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Migration, circulation and recirculation of lymphocytes are important features of the immunologically active system (review: 1). While the existence of such a cell traffic between various lympho-reticular organs via the lymph and blood stream is well established the magnitude of this process with respect to 1) different types of lymphocytes, 2) readily and less readily mobilizable pools of lymphoid cells (2) and 3) inter-organ exchange, needs further clarification.

Lymphoid cell migration from the blood to lymph nodes and back to the blood by lymphatic vessels has been studied in mammals by different labeling techniques and thoracic duct drainage (review: 3). In larger animals canulation of the efferent lymphatics of peripheral lymph nodes can be used successfully for similar purposes (4). Other methods suitable for studying cell migration include 1. extracorporeal irradiation of the circulating blood (5) or lymph (6); 2. shielding of lymphoreticular organs during ionizing whole body irradiation (7), or local irradiation; 3. temporary clamping of blood vessels during in vivo labeling with radioactive substances (review: 8); 4. parabiosis between labeled and unlabeled partners (9, 10); 5. injection of radioactively (11) or chromosomally (10) labeled lymphoid cells obtained from particular organs; and 6. regional labeling of lymphoreticular organs with thymidine-3H (12) or other tritiated nucleosides (13).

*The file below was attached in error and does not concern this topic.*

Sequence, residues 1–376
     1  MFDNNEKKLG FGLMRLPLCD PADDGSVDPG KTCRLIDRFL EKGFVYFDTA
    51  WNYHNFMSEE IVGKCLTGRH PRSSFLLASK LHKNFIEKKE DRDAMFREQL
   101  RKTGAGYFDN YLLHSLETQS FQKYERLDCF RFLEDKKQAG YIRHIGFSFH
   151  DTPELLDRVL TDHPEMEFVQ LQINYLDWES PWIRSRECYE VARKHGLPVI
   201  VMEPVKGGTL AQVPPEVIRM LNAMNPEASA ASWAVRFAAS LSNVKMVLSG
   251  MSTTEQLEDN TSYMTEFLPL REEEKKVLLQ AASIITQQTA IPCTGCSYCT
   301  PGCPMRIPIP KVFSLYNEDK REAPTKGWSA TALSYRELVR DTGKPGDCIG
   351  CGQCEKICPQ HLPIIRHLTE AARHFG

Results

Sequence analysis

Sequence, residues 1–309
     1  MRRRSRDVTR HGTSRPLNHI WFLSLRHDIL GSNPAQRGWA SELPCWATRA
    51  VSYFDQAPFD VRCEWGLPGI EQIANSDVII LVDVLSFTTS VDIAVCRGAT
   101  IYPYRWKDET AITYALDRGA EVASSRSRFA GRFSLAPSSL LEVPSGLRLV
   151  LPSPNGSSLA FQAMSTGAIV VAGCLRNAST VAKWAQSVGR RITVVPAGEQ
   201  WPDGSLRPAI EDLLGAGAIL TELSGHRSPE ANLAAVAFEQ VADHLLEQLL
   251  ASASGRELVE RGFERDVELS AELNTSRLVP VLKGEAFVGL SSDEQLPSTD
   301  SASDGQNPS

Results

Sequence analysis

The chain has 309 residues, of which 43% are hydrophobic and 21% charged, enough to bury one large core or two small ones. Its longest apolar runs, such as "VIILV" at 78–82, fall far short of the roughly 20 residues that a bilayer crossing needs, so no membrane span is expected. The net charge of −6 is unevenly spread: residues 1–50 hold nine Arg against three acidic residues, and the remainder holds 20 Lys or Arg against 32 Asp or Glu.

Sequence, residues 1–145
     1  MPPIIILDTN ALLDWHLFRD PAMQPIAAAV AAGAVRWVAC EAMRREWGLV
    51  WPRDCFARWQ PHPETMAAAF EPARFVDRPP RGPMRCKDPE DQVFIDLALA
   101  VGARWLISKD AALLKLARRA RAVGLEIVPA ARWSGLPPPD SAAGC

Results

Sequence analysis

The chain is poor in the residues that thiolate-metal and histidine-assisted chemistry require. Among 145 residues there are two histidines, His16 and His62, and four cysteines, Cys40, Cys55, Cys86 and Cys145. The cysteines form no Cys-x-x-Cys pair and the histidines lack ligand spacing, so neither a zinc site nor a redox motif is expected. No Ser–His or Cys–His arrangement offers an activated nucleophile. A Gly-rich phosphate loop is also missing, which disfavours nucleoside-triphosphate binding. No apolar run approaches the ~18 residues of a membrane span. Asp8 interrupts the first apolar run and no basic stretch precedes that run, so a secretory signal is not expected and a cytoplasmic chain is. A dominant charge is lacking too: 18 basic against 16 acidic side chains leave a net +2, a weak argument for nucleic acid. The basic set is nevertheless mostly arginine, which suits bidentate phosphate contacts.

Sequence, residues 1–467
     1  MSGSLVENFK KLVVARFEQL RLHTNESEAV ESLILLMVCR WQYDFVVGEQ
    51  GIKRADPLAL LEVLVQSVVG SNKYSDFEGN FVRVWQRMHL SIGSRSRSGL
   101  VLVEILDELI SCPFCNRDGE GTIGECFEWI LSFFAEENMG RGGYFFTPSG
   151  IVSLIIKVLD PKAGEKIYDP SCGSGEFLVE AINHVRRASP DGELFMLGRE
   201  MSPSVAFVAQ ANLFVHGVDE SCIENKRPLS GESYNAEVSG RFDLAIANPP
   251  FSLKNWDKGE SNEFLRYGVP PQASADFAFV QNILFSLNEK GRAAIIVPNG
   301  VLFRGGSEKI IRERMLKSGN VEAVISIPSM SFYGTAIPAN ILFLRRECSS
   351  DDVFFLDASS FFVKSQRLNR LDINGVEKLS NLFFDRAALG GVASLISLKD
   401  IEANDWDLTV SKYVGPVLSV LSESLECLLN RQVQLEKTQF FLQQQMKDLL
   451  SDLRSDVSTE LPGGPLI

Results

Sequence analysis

Each of these methods presents particular advantages and disadvantages. For instance, thoracic duct drainage in small animals may introduce complicating factors such as additional stress: handling of cells in vitro may be harmful for specially sensitive elements; injection of cells does not necessarily simulate natural circulation; labeling with thymidine-3H will mark only those cells which during availability of the radioactive precursor are in DNA synthesis: cells with marker chromosomes are only recognizable while in mitosis.

The present study was undertaken to evaluate in mice the magnitude of lymphocyte exchange between distant lymph nodes with as little interference with physiological conditions as possible. Cytidine-3H was injected into the foot pad of a hind leg in an attempt to obtain preferential labeling of the regional lymph nodes, and the appearance of more heavily labeled lymphoid cells in the contralateral axillary lymph node was followed as a function of time after application of the radioactive nucleoside. Although cytidine-3H may serve as a precursor of both DNA and RNA and, therefore, is not ideal for stable cell labeling, it was chosen because, unlike thymidine-3H (14), it can readily be incorporated into small lymphocytes.


How to Cite: Molleyres, J. , Cottier, H. , Schindler, R. , Slonecker, C. , Hess, M. & Stoner, R. (1969) “LYMPHOID CELL MIGRATION BETWEEN DISTANT LYMPH NODES IN MICE”, Lymphology. 2(2).